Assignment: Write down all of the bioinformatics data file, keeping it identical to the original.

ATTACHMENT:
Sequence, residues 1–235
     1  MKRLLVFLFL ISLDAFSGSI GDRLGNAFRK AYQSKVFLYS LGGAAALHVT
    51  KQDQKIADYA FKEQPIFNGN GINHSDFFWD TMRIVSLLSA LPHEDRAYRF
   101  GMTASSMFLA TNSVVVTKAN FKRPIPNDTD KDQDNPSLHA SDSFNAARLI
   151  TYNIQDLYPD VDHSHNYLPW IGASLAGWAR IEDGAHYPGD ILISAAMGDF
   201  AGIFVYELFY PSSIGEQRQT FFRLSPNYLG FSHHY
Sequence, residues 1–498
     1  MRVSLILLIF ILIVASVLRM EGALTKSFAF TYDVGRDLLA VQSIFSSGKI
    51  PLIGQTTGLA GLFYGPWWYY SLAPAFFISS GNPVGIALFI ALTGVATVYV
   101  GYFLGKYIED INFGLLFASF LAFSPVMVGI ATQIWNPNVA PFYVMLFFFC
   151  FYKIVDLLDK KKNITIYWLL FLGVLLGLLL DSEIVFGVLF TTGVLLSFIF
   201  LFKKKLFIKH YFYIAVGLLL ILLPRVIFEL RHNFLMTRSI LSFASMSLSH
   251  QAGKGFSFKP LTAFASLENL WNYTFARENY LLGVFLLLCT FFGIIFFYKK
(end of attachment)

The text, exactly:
Sequence, residues 1–235
     1  MKRLLVFLFL ISLDAFSGSI GDRLGNAFRK AYQSKVFLYS LGGAAALHVT
    51  KQDQKIADYA FKEQPIFNGN GINHSDFFWD TMRIVSLLSA LPHEDRAYRF
   101  GMTASSMFLA TNSVVVTKAN FKRPIPNDTD KDQDNPSLHA SDSFNAARLI
   151  TYNIQDLYPD VDHSHNYLPW IGASLAGWAR IEDGAHYPGD ILISAAMGDF
   201  AGIFVYELFY PSSIGEQRQT FFRLSPNYLG FSHHY
Sequence, residues 1–498
     1  MRVSLILLIF ILIVASVLRM EGALTKSFAF TYDVGRDLLA VQSIFSSGKI
    51  PLIGQTTGLA GLFYGPWWYY SLAPAFFISS GNPVGIALFI ALTGVATVYV
   101  GYFLGKYIED INFGLLFASF LAFSPVMVGI ATQIWNPNVA PFYVMLFFFC
   151  FYKIVDLLDK KKNITIYWLL FLGVLLGLLL DSEIVFGVLF TTGVLLSFIF
   201  LFKKKLFIKH YFYIAVGLLL ILLPRVIFEL RHNFLMTRSI LSFASMSLSH
   251  QAGKGFSFKP LTAFASLENL WNYTFARENY LLGVFLLLCT FFGIIFFYKK